There are many reasons why road accidents happen – from distracted drivers or challenging weather conditions, to engine issues or being under the influence. But while the causes of accidents vary, the consequences often remain the same.
We’ve analysed the reported road casualties and fatalities over the past five years, using government data from the Department for Transport, to predict which areas of England will be the most vulnerable to car accidents over the next year.
Although the UK has some of the strictest road safety laws, there were 25,511 serious injuries and 1,784 road deaths reported over the last year. In total, there were 160,597 casualties of all severities in reported road accidents in 2018.
Although this shows a slight decrease compared to previous years, with the rate of fatalities per billion vehicle miles having dropped by 1% from 2017, further action is clearly needed to cut the number of road accidents.
Here are some of the key points that our analysis found:
The most common cause of accidents on roads is reportedly driver error, with over 42,189 incidents reported as a result of drivers failing to look properly, 17,845 stemming from reckless driving and 21,211 occurring as a result of drivers failing to judge another person’s speed or route.
Children and young people aged 15 and under are the most vulnerable on the road, with the number of fatalities reported in 2018 showing a 27% increase on the year before. There were 1,276 serious injuries among this group reported over the same period – equating to an average of more than three per day.
Despite this, police attendance to traffic collisions has steadily dropped since 2013, with officers now attending 8% fewer fatal accidents. This drop is likely to have stemmed from an overall reduction of the police force. Between March 2010 and March 2018, police forces in England and Wales lost 21,732 officers, according to Home Office figures.
Although car occupants accounted for most road deaths, with 44% of the cases reported, motorbikes are the most dangerous transport method when passenger miles are taken into account. Motorcyclists suffered 5,686 casualties reported per billion miles in 2018, and a further 119.7 fatalities per billion miles.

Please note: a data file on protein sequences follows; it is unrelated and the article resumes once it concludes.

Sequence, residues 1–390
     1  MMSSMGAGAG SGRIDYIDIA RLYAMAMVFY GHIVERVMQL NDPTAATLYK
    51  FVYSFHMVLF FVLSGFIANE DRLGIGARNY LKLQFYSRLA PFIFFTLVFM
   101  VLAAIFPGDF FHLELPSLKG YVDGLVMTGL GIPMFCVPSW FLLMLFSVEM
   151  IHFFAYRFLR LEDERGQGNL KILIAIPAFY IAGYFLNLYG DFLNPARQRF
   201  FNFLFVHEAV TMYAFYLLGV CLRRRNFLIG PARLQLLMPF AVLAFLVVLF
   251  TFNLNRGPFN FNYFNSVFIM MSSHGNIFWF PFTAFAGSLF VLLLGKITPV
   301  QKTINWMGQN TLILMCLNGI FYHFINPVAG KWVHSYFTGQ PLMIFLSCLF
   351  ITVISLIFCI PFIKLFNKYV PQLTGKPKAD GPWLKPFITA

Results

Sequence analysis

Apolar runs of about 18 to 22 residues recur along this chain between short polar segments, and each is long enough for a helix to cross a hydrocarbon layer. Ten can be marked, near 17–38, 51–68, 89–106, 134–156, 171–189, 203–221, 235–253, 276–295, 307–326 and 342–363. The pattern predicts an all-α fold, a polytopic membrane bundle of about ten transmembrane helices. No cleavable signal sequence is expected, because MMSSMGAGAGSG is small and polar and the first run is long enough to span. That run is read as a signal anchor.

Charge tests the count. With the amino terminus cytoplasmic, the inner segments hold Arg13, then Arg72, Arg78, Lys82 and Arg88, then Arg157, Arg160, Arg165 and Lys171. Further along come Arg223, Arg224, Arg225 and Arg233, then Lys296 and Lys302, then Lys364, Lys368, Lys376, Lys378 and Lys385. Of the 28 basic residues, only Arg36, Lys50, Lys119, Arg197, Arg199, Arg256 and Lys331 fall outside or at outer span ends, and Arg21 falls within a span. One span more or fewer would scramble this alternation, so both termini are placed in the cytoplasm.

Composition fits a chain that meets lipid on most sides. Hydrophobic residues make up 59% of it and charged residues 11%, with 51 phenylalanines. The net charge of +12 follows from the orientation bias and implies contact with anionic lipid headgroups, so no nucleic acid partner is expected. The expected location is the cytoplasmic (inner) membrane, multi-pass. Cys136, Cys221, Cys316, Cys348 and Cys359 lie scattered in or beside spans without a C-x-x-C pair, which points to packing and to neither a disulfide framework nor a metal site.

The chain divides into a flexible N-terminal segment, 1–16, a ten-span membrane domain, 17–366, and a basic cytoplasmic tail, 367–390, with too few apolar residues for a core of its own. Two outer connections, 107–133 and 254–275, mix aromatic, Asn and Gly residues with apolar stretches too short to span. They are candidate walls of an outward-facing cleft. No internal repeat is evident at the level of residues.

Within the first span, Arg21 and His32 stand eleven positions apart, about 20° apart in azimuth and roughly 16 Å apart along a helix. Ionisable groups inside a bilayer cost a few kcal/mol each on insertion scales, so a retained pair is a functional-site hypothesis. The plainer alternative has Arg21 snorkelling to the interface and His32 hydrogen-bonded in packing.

The analysis also shows that the South East is the deadliest region, with 332,843 casualties and 2,945 fatalities reported over the past ten years. The North East is the safest region for drivers, with 82,111 casualties and 696 fatalities in the same period.
Kent, Surrey and Lancashire are the deadliest counties for drivers when both casualties and fatalities are taken into account. Kent reported a total of 5,437 incidents (casualties and fatalities) in 2018, while Surrey reported 4,199 and Lancashire reported 3,780.
This level of regional reporting is critical, as Road Traffic Forecasts 2018 anticipate an increase in traffic across all areas of the country. Car traffic is forecast to grow by between 11% and 43% by 2050 under seven plausible scenarios, while van traffic is forecast to continue growing significantly in all scenarios.
There are also still more than 5,500 miles of road in Britain where drivers would find it impossible to call for help in case of a crash or breakdown, due to a lack of mobile phone coverage from any network provider, representing 2% of the length of Britain’s overall road network.
At AMT, we’re committed to providing a service that’s tailored to you. If you want to discuss the safety features of some of our most popular models, or find out more about our rental, lease, buying and selling options for both cars and commercial vehicles, contact our dedicated team today on 0113 387 4241.